Southern Africa : Tazara, the Moody Wanderer, Its Meanings As Transient As Its Boxcars

Southern Africa : Tazara, the Moody Wanderer, Its Meanings As Transient As Its Boxcars.Even when the story of the Zambia-Tanzania railway is is one of triumph and togetherness, there’s still a current of anxiety flowing beneath the surface.

The train starts with a clattering lurch. In the kitchen of the dining car, a pool of grease slops up against the side of a blackened pan. Beer bottles clink in the bar car and a semi-inebriated hoot of triumph rings out from one of the first-class sleepers.

The Tanzania Zambia Railway Authority (TAZARA) is in weekly express mode, wheels chugging against the tracks as it departs the blazing hot afternoon of Kapiri Mposhi, around 200 km north of Zambia’s capital Lusaka and around 1,800 km southwest of Dar Es Salaam, the rail’s historic departure point in Tanzania.

The whole trip is supposed to take three days, but it could take four or five, and maybe even longer if there’s a breakdown. And as TAZARA’s debt mounts and an overdue feasibility study looms like a storm cloud, it’s feels more and more like the journey may soon not happen at all.

Twiddling the cord of his headphones, Larry Pangani looks worried. He’s been making the trip with resigned regularity ever since his father took a job in Dar and he and his mother stayed back in Lusaka. He knows how temperamental the machines can be, and it makes him anxious. “If the train breaks down,” he says, a semi-ironic smile on his face, “they’ll run out of food and beer. It happens too often.”

A shaky track record

If you want to translate TAZARA’s patois of meanings and associations into one key word, then ‘anxiety’ is probably your best bet.

It’s the word that tells us why the railway was built, about how the lived space in the cars changes shape and significance as they rattle along, about how race and class and language blend, buckle and boil, and about how business, family and tourism fuse in the bar car and then diffuse on the station platforms.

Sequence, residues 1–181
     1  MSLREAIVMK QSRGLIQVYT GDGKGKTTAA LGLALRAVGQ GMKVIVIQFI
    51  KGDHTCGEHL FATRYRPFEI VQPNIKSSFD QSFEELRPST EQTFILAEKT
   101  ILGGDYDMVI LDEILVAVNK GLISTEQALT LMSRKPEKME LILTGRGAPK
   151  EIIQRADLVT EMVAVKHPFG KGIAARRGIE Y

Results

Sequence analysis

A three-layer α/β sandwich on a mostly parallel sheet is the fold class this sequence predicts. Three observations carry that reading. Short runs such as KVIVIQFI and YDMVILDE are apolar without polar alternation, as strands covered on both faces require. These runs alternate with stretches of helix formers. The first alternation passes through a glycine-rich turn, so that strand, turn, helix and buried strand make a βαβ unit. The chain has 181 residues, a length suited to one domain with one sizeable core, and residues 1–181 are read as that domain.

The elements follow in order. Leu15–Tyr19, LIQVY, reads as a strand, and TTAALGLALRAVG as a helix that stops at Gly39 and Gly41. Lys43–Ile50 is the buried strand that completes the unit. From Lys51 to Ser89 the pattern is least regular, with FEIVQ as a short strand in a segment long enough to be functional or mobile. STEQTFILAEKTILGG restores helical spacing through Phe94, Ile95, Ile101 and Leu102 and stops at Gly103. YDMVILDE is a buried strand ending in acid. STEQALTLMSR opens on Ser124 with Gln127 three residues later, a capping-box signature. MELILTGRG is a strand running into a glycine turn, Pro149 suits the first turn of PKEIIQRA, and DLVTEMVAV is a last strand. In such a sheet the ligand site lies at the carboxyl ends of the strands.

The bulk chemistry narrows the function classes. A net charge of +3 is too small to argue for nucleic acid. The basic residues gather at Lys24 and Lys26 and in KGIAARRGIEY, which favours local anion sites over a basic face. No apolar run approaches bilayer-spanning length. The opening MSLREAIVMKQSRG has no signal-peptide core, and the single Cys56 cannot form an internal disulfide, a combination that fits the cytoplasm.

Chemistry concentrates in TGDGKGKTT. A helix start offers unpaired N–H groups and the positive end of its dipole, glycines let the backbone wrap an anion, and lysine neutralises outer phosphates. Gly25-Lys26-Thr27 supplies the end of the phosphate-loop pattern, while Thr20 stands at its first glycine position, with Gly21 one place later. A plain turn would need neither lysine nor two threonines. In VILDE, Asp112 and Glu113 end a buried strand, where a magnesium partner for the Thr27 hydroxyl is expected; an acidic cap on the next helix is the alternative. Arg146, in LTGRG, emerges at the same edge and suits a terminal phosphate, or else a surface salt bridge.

Even when TAZARA’s story is one of triumph and togetherness, there’s still a current of anxiety flowing beneath the surface.

If you want to understand what TAZARA means – and what it’ll mean if Tanzania and Zambia decide to decommission it – anxiety is the place to start.

Historically, Zambia’s trade routes were southbound conduits, with copper shovelled out of the country’s southwest and shipped to Southern Rhodesia (now Zimbabwe) and South Africa.

But Rhodesia’s 1965 unilateral declaration of independence overturned all that, separating the colony from the British Empire, and triggering a whole new trade paradigm for the region.

With the route south now blocked, Zambia looked to Tanzania’s ports, but it was unable to efficiently truck its copper up the muddy Great North Road all the way to Dar Es Salaam. As the newly-independent country began losing money at a handwringing rate, the idea for the railway was mooted.

President Kenneth Kaunda went West, pleading unsuccessfully with uninterested parties to fund the project and rescue Zambia’s single-commodity economy. But Tanzania’s Julius Nyerere went East, attracting Chairman Mao’s attention and securing a no-interest Chinese loan for the project.

In 1970, a team of Chinese workers – prisoners, say many – began construction, each one a human symbol of how anxious disintegration in the south inspired ambitious integration, however self-serving, further north.

Those two words – ‘integration’ and ‘disintegration’ – also tell us a lot about the TAZARA story. The railway integrates urbanites and villagers, the wealthy and the poor, products with markets, Westerners and Africans, and industry with nature. At the best of times, it does this remarkably well.

Southern Africa Tazara, the Moody Wanderer, Its Meanings As Transient As Its Boxcars

Source : allafrica.com

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